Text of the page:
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Good Luck to You, Leo Grande | Review

Good Luck to You, Leo Grande | Review

The Roman Spring of Emma Thompson: Hyde Demands Over Time in Sex Work Dramedy

Sophie Hyde Good Luck to You, Leo Grande ReviewOne wonders what Camille Paglia might have to say about Good Luck to You, Leo Grande, the third feature from Australia’s Sophie Hyde, which formulates an earnest, sex-positive portrait of a mature woman’s humble quest for sexual satisfaction. Of Paglia’s many musings on sexuality, she posited ‘pursuit and seduction’ were necessary components constituting the ‘sizzle,’ both elements absent from this sometimes refreshingly blunt tackling of women pursuing pleasure.

Written by Katy Brand, who’s heretofore mined her talents in comedy, this sobering treatment of what some women may want takes a while to hit its stride, and features a winsome Emma Thompson, managing to land the fluctuations of her characterization even when the narrative feels like a lasso.

After being widowed for two years, retired religious instructor Nancy (Thompson) defies her own standards in hiring a younger male sex worker named Leo Grande (Daryl McCormack). Initially trepidatious, she has her own considerable hangups to work through. Nancy’s conservative ideals and rigid values, paired with a sexual history which includes just her husband on top of never having experienced an orgasm, her rapport with Leo slowly chips away at her inhibitions. While their first meeting proved strenuous but affable, Nancy hires Leo again, this time with a bucket list of sexual scenarios (although anal proves to be the bridge too far in her mind), and things progress into a third appointment. But Nancy lets it slip she’s identified Leo IRL and he storms out of their hotel room, leaving Nancy reeling. One final appointment allows them both a chance to converse authentically and intimately, paving the way towards the elusive big O.

Not unlike Hyde’s rigidly linear 2013 debut 52 Tuesdays (read review), a well meaning drama of a teen’s grappling with her mother’s gender transition, for which Hyde became an indie breakout, there’s often a sense of emotional detachment from Leo and Nancy, wholly defined by their relationship, unable to transcend its specific confines. As Leo, McCormack says and does all the right things—-even his lashing out at Nancy’s boundary violation is an exercise in restraint, thus solidifying him as mere fantasy. Even his familial emotional baggage, though sexually defined, regards a nebulous scenario which only serves to make him more ambiguous.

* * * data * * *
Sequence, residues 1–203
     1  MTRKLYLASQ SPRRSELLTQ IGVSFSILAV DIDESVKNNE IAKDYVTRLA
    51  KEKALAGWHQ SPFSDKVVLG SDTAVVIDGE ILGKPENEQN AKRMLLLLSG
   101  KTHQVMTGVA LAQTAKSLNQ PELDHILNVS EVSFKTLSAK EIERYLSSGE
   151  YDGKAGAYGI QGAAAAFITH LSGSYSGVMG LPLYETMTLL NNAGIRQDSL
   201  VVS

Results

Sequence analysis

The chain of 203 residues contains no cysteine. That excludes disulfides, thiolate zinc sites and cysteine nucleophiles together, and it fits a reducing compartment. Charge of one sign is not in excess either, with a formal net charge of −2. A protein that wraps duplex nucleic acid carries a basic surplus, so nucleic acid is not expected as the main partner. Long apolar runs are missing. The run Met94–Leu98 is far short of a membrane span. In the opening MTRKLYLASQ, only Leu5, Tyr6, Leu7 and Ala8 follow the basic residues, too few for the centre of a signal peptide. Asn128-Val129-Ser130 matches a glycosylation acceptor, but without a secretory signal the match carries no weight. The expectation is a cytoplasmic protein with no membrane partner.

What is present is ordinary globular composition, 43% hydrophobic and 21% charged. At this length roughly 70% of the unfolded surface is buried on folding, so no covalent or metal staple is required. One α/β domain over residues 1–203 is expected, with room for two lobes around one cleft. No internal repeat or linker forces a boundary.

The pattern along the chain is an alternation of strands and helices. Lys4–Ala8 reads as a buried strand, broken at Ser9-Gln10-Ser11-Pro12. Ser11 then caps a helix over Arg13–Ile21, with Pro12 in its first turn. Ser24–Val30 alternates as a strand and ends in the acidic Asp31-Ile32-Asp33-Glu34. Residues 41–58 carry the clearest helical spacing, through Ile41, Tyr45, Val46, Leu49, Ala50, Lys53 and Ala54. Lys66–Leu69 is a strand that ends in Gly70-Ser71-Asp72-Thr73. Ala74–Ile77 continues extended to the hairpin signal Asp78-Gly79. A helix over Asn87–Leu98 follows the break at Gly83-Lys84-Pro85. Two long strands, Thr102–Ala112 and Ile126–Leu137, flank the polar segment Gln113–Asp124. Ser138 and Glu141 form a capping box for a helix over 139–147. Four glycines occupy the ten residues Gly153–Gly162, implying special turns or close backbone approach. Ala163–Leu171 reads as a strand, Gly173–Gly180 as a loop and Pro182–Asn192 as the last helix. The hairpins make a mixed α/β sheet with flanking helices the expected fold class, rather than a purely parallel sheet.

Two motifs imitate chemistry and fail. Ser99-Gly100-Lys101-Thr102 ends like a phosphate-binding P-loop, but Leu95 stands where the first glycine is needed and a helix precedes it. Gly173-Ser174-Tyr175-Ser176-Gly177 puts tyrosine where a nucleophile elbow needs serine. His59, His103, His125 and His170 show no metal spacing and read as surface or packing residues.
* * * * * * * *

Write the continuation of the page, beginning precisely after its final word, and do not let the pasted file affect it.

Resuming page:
As Nancy (who we eventually learn is really a woman named Susan Robinson), Thompson is almost perversely standoffish, especially for a woman who’s deigned to hire a much younger male escort. In previous times, she’d be rubber stamped as frigid, psychoanalyzed against misogynist templates of ‘hysterical’ women, but Hyde and Brand are attempting to showcase how decades of blatant sexual repression and oppression cannot be undone in one magical hour or two of immersive sexual congress. And while Thompson is a formidable draw, she also feels a bit miscast considering her beauty, tenacity and, well, overriding curiosity (at least according to what her widowhood has apparently fostered).

In the realm of male sex workers (i.e., gigolos), as regards those portrayed in popular cinema whose clientele are well-heeled women, they almost always have the upper (emotional) hand, somehow looking to fleece or otherwise consume their amorous employers. And one wishes Leo’s motivations were mined beyond the clinical facade of the professional love maker, and perhaps reveal someone a little less magically composed (especially considering his age), like Warren Beatty using Vivien Leigh in Tennessee Williams’ The Roman Spring of Mrs. Stone. Or perhaps it needed to allow Nancy some leeway, at least in the direction of the uncomfortable sexual obsession Anne Reid has for Daniel Craig in Roger Michell’s The Mother (2003).

Hyde allows a formidable culmination for Thompson in the final sequence, mining the most simplistic but most vulnerable confrontation in contending with her own gaze. Not unlike the finale of Todd Haynes’ Safe (1995), as Julianne Moore attempts reclamation through the motions of emotional self-love, Thompson’s Nancy/Susan is left with the hard won satisfaction of embracing her physicality and a previously unavailable part of herself.

★★½/☆☆☆☆☆

Los Angeles based Nicholas Bell is IONCINEMA.com's Chief Film Critic and covers film festivals such as Sundance, Berlin, Cannes and TIFF. He is part of the critic groups on Rotten Tomatoes, The Los Angeles Film Critics Association (LAFCA), FIPRESCI, the Online Film Critics Society (OFCS) and GALECA. His top 3 for 2023: The Beast (Bonello) Poor Things (Lanthimos), Master Gardener (Schrader). He was a jury member at the 2019 Cleveland International Film Festival.

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